It has been one of the few graces common to American politics that presidential candidates, Democratic and Republican, have been graceful in defeat. John Kerry, John McCain, Mitt Romney, Al Gore are all deservedly known for their concession speeches.
Then there’s Donald Trump.
The communications director for Jeb Bush, Tim Miller, writes that the signs that the Trump camp is ending the campaign in Death March mode are everywhere.
Donald Trump is going to lose this election. His campaign manager, Kellyanne Conway, is going to lose this election. Even if they would never admit it, they know Donald Trump will never be president. Trump and Conway are on the political death march. (This, to be clear for the Trump fans, is a political metaphor, not an actual death wish.)
This is the part of a losing campaign that exposes the true character of all those involved. So it should come as no shock that Donald Trump and his staff are failing this test in the most shameful and divisive manner imaginable.
…The death march is why Conway has begun to resurrect a time-honored practice: duplicitous political operatives throwing their boss under the bus to try to save face. In an attempt to preserve a lucrative fee on the public speaking circuit after the campaign, Conway has sent a series of tweets over the past week trying to position herself as both in on the joke with Saturday Night Live and the conscience on Trump’s shoulder trying to get him to behave. As a fellow anti-Trump conservative pointed out, Conway is officially playing the role of “punch clock villain.”
To a casual observer, this behavior might seem counterproductive to the goal Trump and Conway share: winning the election. But the reality is the only goal either has in mind now is self-preservation.
Miller has no doubt that Trump won’t be a graceful loser. He breaks down Trump’s Death March into three sections labelled, Shameful, Despicable, and Pathetic.
In today’s Sidney Morning Herald, Nick O’Malley explores the ashes and embers of the final days of Donald Trump, would-be president of the USA.
Speaking with Fairfax Media [former Romney advisor, Avik] Roy notes that Trump is not in any real sense a Republican. He conducted a hostile takeover of the party by identifying and catering to an under-served section of the GOP vote – resentful older whites. It was marketing genius.
As an outsider he had no Republican staff to help build his campaign, and instead hired a crew of mercenaries. They have little loyalty to Trump, and none to the party. So as the death march begins they have little capacity or inclination to curb Trump’s excesses, to force him to observe the basic traditions of American presidential politics, such as the gracious acceptance of defeat rather than the dangerous indulgence of claiming a rigged election while exciting racial animosities.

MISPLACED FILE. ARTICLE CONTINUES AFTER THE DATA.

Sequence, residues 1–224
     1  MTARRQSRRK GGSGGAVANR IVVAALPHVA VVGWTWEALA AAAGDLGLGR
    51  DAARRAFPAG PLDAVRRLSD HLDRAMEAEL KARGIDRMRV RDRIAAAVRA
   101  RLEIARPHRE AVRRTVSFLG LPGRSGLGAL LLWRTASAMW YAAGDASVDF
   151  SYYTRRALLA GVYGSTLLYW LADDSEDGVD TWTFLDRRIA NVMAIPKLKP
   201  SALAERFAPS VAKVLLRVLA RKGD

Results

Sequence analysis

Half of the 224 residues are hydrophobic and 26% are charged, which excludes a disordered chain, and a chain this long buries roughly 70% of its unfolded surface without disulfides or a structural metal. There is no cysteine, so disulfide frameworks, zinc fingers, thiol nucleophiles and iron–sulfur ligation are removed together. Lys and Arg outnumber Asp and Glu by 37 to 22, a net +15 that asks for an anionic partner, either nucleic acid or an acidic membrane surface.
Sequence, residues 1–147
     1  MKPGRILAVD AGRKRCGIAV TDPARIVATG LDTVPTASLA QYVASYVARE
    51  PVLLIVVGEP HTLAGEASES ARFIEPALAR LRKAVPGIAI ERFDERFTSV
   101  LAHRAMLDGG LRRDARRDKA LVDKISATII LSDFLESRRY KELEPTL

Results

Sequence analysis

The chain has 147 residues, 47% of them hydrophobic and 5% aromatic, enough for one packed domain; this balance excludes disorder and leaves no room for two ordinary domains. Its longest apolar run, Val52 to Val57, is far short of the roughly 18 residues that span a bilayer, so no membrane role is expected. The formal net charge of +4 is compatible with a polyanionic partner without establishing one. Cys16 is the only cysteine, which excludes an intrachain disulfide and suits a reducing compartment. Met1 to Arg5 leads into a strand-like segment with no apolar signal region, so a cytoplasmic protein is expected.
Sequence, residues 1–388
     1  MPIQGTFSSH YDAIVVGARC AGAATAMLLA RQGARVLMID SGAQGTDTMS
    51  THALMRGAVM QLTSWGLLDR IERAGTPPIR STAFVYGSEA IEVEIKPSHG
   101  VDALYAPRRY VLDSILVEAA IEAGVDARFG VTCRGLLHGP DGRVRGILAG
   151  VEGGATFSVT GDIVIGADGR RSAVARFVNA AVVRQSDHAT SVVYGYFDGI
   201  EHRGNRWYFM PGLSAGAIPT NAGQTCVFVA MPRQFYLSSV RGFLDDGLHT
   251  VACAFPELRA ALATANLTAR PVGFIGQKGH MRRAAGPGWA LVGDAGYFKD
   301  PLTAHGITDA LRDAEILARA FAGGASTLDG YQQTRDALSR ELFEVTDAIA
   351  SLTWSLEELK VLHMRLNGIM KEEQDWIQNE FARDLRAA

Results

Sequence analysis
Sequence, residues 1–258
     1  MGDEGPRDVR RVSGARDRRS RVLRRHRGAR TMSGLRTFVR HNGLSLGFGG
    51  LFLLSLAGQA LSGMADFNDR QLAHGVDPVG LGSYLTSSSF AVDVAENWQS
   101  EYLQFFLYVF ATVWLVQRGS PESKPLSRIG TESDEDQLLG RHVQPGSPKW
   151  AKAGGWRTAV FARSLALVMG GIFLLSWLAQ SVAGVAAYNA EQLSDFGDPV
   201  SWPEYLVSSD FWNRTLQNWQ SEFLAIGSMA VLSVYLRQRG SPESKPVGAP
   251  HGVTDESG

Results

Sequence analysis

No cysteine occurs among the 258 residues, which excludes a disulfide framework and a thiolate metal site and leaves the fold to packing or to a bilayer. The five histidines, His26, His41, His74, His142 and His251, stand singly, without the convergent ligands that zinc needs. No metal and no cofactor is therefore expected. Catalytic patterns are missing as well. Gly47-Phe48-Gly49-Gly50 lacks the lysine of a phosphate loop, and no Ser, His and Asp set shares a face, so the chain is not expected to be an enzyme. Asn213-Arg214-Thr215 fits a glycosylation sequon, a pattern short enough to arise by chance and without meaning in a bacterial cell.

…As the death march goes on the Republican establishment has already started letting blood.
A sign of it was a spat on the MSNBC program Morning Joe on Thursday morning. The guest was Bill Kristol, the leading neoconservative editor of The Weekly Standard, the host was the former Republican Congressman, Joe Scarborough.
Kristol, one of the earliest and staunchest of the Republican’s “Never Trump” faction, asserted that Trump was a “fluke candidate” who should be ignored come election night.
Scarborough and his co-host Mika Brzezinski scoffed at the suggestion that Trump was a fluke and declared the Republican Party needed to “come clean” about his candidacy. Kristol, angry, accused Scarborough and Brzezinski of going soft on Trump and giving him free uncritical and very high-rating airtime during the primaries, in effect helping him win. The segment deteriorated into an angry, ugly slanging match, each blaming the other for the rise of Donald Trump.
Back in North Carolina, the young Republicans were divided on who to blame for a candidacy one group’s office-holder called “a joke”. Some pointed the finger at Paul Ryan, the House Speaker who the establishment hopes will lead them out of the wilderness, some at Ted Cruz, the Tea Party-er who railed for years against the party hierarchy. None had any real idea at what would come next.
…The most optimistic Republicans view the death march as a necessary ordeal.
When other Republicans were calling for Trump to somehow be forced from the Republican ticket earlier this month, the Pulitzer Prize-winning conservative columnist George Will wrote that he must remain in place.
He argued the nation needed the pleasure of seeing Trump being made the thing he most disdains, “a loser,” and that his presence would serve as a reminder to the party that “perhaps it is imprudent to nominate a venomous charlatan”.
Trump was the GOP’s chemotherapy, he said.
If so, Roy is not sure that the death march will be curative.
Still a staunch Republican, he believes that over a period of years his party has lost its way, turning from the tenets of classical liberalism towards a dark nationalism.
Weighed down by the angry old white men that dominate its constituency, he says, the party has no interest in governing a large diverse nation, and therefore has no moral right to.
According to Roy, the Republican Party must first tackle its moral problem before it does its political one.